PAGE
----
In the report, published in the Annals of Internal Medicine, scientists noted that in the second untreated person living with HIV, known as the Esperanza Patient, they found no intact HIV genomes in more than 1.19 billion blood cells and 500 million tissue cells sequenced.
The case represents a second instance of a sterilising cure, said Xu Yu, a member of the Ragon Institute of Massachusetts General Hospital (MGH), Massachusetts Institute of Technology (MIT) and Harvard.
The first such case was of Loreen Willenberg, a 67-year-old California woman, who maintained control of the virus for nearly three decades without the use of antiretroviral drugs.
Yu's research group identified Willenberg who had no intact HIV viral sequence in her genome, indicating that her immune system may have eliminated the HIV reservoir.
Yu's team sequenced billions of cells of Willenberg, commonly known as the San Francisco Patient, searching for any HIV sequence that could be used to create new virus, and found none. This extraordinary finding, the first known incidence of a sterilising cure without a stem cell transplant, was reported in the journal Nature in 2020.
"These findings, especially with the identification of a second case, indicate there may be an actionable path to a sterilising cure for people who are not able to do this on their own," said Yu, who is also a physician investigator at MGH.
During infection, HIV places copies of its genome into the DNA of cells, creating what is known as a viral reservoir. In this state, the virus effectively hides from anti-HIV drugs and the body's immune response.
In most people, new viral particles are constantly made from this reservoir. Anti-retroviral therapy (ART) can prevent the new viruses from being made but cannot eliminate the reservoir, necessitating daily treatment to suppress the virus.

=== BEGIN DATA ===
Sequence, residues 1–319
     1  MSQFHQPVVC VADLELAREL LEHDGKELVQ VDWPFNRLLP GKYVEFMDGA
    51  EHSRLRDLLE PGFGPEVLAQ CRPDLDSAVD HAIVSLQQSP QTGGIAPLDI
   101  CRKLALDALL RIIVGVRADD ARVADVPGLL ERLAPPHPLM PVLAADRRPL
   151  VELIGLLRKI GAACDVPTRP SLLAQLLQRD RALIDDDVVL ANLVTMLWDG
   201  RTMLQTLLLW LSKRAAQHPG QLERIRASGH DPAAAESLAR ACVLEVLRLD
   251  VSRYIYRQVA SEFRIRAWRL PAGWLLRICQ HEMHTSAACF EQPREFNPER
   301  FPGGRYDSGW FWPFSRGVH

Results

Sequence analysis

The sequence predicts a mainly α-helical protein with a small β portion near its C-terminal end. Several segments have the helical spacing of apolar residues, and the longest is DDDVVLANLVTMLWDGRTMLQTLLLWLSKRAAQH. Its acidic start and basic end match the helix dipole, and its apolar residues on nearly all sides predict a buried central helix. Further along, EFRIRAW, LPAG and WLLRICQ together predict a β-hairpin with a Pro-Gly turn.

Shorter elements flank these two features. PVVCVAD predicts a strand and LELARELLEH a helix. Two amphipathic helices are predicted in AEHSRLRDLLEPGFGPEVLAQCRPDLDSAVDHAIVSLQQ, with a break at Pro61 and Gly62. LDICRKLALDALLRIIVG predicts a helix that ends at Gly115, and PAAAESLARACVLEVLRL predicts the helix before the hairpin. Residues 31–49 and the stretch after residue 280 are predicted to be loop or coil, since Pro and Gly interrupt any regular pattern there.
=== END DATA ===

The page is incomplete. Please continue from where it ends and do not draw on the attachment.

Some people, known as elite controllers, have immune systems that are able to suppress HIV without the need for medication. Though they still have viral reservoirs that can produce more HIV virus, a type of immune cell called a killer T-cell keeps the virus suppressed without the need for medication.
Yu explained that the new findings may suggest a specific killer T-cell response common to both patients driving this response, with the possibility that other people with HIV have also achieved a sterilising cure.
If the immune mechanisms underlying this response can be understood by researchers, they may be able to develop treatments that teach others' immune systems to mimic these responses in cases of HIV infection.
"We are now looking toward the possibility of inducing this kind of immunity in persons on ART through vaccination, with the goal of educating their immune systems to be able to control the virus without ART," Yu said.